When someone passes away and has a life insurance policy in place, the policy terms outline the beneficiaries based on the individual’s wishes. Sometimes, those beneficiaries can seem as though they do not align with the deceased’s current life and relationships. For instance, in the case of someone who divorced and remarried, the policy may name the first spouse as beneficiary. If the policyholder never changed the policy to reflect the divorce and remarriage, the ex-spouse could end up with the benefit. This can cause the current spouse and any children from the second marriage to dispute the beneficiary designation on the policy. If you are facing this situation and are wondering if you should file a dispute, here’s what you need to know.
Many people purchase life insurance when they are in the early or middle stages of their adult lives, which is the time when most people are getting married and having children. They typically list their children and spouse as beneficiaries. As they move through life, their life circumstances may change. A beneficiary may become estranged, or the couple may face divorce.
Unless the policyholder of the life insurance plan changes the beneficiary designation officially, the people originally named will remain the beneficiaries through the life of the policy. Even if the policyholder was not on speaking terms with the individual upon his or her death, that beneficiary would still receive the income.
Disputes can also come up when the policyholder makes changes to the policy near the end of life, and the new beneficiaries are unexpected. Sometimes the previous beneficiaries may feel that their loved one was coerced into these changes or was not in sound mind at the time the changes are made. This, too, can spark a desire to dispute the beneficiaries.
Disputing life insurance beneficiaries requires a legal case presented in court. This is not something the life insurance company can do, even if your claim seems valid. Only the courts have the legal right to make a change to a life insurance policy after the policyholder’s death.
When different individuals claim the right to a benefit, the insurance company will bring an interpleader action to the courts. This places the policy benefits into a court-controlled account while the courts make a final ruling on the beneficiary claims. This is done either through litigation or through a settlement and works best when the parties have a life insurance attorney on board.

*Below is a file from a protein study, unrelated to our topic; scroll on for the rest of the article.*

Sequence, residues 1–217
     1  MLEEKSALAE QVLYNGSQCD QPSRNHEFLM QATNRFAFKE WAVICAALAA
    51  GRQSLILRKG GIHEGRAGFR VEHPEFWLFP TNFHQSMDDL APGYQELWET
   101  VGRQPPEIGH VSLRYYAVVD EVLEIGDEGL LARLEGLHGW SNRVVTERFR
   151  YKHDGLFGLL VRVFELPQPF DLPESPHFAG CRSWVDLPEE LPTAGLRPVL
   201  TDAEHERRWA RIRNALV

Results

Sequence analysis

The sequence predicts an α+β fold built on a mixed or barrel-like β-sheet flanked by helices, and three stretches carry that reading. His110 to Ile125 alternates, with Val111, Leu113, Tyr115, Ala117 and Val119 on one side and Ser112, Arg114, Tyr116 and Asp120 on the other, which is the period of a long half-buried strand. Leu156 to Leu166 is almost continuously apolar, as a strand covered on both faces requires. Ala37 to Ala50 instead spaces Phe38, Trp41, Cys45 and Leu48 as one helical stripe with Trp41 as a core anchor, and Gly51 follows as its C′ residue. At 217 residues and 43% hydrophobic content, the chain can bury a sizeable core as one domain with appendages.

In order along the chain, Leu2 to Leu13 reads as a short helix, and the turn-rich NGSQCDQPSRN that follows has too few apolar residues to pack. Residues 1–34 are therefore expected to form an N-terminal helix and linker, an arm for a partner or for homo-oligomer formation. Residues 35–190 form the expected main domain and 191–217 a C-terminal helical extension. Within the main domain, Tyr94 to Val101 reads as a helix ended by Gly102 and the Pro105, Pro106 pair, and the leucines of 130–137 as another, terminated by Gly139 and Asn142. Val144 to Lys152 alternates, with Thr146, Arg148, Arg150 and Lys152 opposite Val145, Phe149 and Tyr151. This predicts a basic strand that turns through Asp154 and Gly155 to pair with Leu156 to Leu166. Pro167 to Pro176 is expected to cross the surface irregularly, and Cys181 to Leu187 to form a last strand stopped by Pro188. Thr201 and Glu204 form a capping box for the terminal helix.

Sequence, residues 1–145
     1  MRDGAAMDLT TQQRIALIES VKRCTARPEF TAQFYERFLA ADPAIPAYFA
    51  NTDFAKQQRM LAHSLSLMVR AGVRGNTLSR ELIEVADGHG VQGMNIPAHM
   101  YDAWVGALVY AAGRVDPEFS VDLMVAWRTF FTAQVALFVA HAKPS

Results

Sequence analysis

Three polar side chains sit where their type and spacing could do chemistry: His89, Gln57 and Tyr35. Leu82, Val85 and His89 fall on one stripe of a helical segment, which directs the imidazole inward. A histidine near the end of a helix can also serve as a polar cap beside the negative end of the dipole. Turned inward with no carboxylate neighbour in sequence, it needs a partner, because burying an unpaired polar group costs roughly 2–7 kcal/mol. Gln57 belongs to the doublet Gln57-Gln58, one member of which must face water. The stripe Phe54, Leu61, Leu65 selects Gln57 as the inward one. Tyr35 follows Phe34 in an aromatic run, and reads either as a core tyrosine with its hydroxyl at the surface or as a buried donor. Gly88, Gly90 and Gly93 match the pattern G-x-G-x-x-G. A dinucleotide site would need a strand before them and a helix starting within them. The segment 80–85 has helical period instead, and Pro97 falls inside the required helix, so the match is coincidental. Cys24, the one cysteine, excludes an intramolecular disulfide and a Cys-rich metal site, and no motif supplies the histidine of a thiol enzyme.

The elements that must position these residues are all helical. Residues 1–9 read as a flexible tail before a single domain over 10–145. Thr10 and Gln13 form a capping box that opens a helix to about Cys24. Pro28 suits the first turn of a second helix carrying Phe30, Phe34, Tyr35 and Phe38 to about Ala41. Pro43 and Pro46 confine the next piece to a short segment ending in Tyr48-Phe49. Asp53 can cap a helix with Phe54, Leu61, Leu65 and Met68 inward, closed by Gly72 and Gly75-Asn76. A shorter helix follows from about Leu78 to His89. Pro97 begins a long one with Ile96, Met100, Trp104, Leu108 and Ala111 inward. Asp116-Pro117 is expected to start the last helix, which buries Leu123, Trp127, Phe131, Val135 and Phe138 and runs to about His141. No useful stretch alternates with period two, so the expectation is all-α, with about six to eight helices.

This process is not easy to navigate, and a successful dispute requires skilled legal help. However, it is possible, with the right circumstances in place, to successfully prove that the beneficiary designation on the policy does not accurately reflect the person’s wishes at the time of death. Once the courts make the decision, the insurance company will distribute the funds per the court’s orders.
While it is possible to dispute beneficiaries on a life insurance policy, doing so creates a tremendous amount of cost and takes a lot of time. It also forces the rest of the estate to stay open, preventing the probate courts from closing the estate and distributing its assets. While the estate is held in the courts, fees, taxes, and other penalties will continue to build. This can eat away at the overall value of your inheritance, with or without the life insurance benefit.
To avoid this, some families will take the dispute to mediation or arbitration to work out a settlement. This takes less time and costs less money. In this process, the interested parties can figure out a way to split the benefit to avoid a costly and lengthy court battle. This type of settlement can protect the estate from unnecessary expenses
Once a life insurance policyholder dies, little can be done to change the beneficiary designation and prevent a dispute. However, policyholders can protect their loved ones and beneficiaries by keeping their policies up-to-date. When life changes happen, changes in the life insurance policy should reflect them. Similarly, if you choose to make a change that you suspect may spark disputes, inform the people around you about it. Taking these steps will prevent disagreements and disputes among the people left behind when someone dies.
Life insurance disputes are not easy to file and win, but they are possible. If you suspect your loved one was taken advantage of before death or failed to make changes intended to cover the right people, reach out to the legal team at Heban Murphree Lewandowski for help understanding your rights and your options.